Haiti: Earthquakes - Jan 2010
The earthquake that hit Haiti on 12 Jan 2010 affected almost 3.5 million people, including the entire population of 2.8 million people living in the capital, Port-au- Prince. The Government of Haiti estimates that the earthquake killed 222,570 and injured another 300,572 people. Displacement peaked at close to 2.3 million people, including 302,000 children. At least 188,383 houses were badly damaged and 105,000 were destroyed by the earthquake. Sixty per cent of Government and administrative buildings, 80 per cent of schools in Port-au-Prince and 60 per cent of schools in the South and West Departments were destroyed or damaged. Total earthquake-related loss is estimated at $7.8 billion, equivalent to more than 120 per cent of Haiti’s 2009 gross domestic product. (UN General Assembly, 2 Sep 2011)
According to the Humanitarian Action Plan for Haiti 2014 an estimated 172,000 people remained internally displaced in Haiti in 306 camps at the end of 2013, almost four years after the earthquake. Basic services in camps, including WASH and health, had declined faster than the pace of return or relocation of the displaced. 16,377 displaced families living in 52 camps were considered at high risk of forced evictions. Almost 80,000 people lived in 67 camps considered to be at particularly high risk of flooding, with an additional 30 camps at additional environmental risks.
By mid-2014, an estimated 104,000 people remained internally displaced in 172 camps. Almost 70,000 IDPs were not currently targeted by any return or relocation programs. (OCHA, 31 Jul 2014) By Sep, 85,432 people remained internally displaced in 123 camps. (IOM, 8 Oct 2014)
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On January 12, 2010, a 7.0 magnitude earthquake devastated the Haitian capital city of Port-au-Prince, leveling buildings and overwhelming the health systems in place. Five years later, on January 29, health leaders from civil society and local organizations met with Haitian government officials and congressional staff for a day of information-sharing and reflection on the gains in health infrastructure made since the earthquake.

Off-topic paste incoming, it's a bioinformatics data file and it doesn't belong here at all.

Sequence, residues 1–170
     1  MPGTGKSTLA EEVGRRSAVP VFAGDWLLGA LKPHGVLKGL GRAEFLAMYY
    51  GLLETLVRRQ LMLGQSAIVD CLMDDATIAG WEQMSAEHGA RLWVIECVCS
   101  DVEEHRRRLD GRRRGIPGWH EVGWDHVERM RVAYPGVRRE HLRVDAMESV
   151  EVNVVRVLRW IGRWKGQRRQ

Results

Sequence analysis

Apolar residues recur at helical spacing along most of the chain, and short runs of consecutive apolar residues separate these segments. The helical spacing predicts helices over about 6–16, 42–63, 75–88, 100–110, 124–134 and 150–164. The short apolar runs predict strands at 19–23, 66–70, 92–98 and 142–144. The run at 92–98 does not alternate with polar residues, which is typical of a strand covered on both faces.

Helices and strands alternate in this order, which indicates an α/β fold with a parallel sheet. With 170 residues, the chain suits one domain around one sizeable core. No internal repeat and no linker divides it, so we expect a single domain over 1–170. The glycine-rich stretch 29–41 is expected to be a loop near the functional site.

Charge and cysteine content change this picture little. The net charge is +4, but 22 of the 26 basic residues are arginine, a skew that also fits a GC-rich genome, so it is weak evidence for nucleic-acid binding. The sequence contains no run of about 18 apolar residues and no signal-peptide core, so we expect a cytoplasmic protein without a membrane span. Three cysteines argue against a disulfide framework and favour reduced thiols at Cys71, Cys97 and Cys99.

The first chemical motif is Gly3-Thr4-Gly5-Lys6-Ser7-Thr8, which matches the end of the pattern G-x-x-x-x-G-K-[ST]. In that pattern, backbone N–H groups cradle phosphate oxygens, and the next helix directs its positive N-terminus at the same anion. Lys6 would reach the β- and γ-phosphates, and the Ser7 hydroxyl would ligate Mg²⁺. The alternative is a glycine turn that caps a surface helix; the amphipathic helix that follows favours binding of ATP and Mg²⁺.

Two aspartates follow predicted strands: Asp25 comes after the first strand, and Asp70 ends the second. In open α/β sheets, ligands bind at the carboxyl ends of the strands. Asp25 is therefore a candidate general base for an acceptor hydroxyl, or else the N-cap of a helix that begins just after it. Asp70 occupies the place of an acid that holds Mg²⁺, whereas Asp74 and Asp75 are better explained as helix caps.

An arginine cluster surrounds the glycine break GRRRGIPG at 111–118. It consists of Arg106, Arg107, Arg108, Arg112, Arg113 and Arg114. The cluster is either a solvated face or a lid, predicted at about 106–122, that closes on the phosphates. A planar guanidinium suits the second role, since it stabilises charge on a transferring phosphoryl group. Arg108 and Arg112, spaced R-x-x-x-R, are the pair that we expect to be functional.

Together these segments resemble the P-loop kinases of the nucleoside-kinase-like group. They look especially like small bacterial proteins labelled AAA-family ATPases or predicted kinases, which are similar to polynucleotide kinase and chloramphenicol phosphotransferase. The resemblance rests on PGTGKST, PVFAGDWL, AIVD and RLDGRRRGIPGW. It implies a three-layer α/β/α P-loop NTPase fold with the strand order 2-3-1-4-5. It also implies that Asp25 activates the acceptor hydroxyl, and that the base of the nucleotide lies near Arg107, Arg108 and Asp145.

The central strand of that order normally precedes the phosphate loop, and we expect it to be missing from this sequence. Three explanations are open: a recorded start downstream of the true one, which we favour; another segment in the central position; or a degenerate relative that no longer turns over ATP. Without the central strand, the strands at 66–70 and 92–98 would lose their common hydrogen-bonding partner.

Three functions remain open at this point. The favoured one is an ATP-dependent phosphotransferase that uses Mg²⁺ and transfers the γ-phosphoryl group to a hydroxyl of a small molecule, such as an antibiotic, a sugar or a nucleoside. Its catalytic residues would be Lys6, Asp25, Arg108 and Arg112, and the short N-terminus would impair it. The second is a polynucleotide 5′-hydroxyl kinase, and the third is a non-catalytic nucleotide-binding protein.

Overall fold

Submitted by Chris Sheach on Tue, 08/21/2012 - 7:34pm
InterAction is pleased to announce that FedEx has awarded them additional funding to continue work on Haiti Aid Map through July 2012. The map, an online interactive tool that charts where nongovernmental organizations (NGOs) are working in Haiti along with their activities, was officially launched in January 2011 with FedEx support.
In 1986, InterAction member Food For The Poor was first licensed to work in Haiti. Over the last 25 years, they have built more than 15,000 homes and invested in self-sufficiency projects to help Haitians bring themselves out of extreme poverty.
They have invested in fishing villages and aquaculture projects, providing residents with new food sources and entire communities with a gainful source of income.
COCONUT CREEK, Fla. (May 11, 2011) – When representatives of the Florida Marlins and Waste Management walked into Inspiration Village in Malfety, Haiti, last week, the residents greeted them with marching bands, dancers and words of deep gratitude. Hundreds of men, women, and children gathered in front of the community center to thank the team that raised funds and awareness to build much-needed housing.
InterAction member Physicians for Peace, which has a history of collaborative partnerships in Haiti, has just gotten a boost from the Major League Baseball Players Trust, a charitable foundation of the Major League Baseball Association.
The organization has awarded Physicians for Peace $50,000 to help Haitian support for amputees and provide distance-learning opportunities for their technicians. The grant will also promote information-sharing and best practices across both Haiti and the Dominican Republic.
The January 12 earthquake brought the educational system in Haiti to a screeching halt, affecting around 2.5 million children. According to the Post Disaster Needs Assessment conducted by the Government of Haiti (GoH), sector damages and losses amounted to over $ 477 million and will require over $ 600 million for fully reconstructing. Rubble clearance has posed the greatest challenge in the effort to reconstruct schools.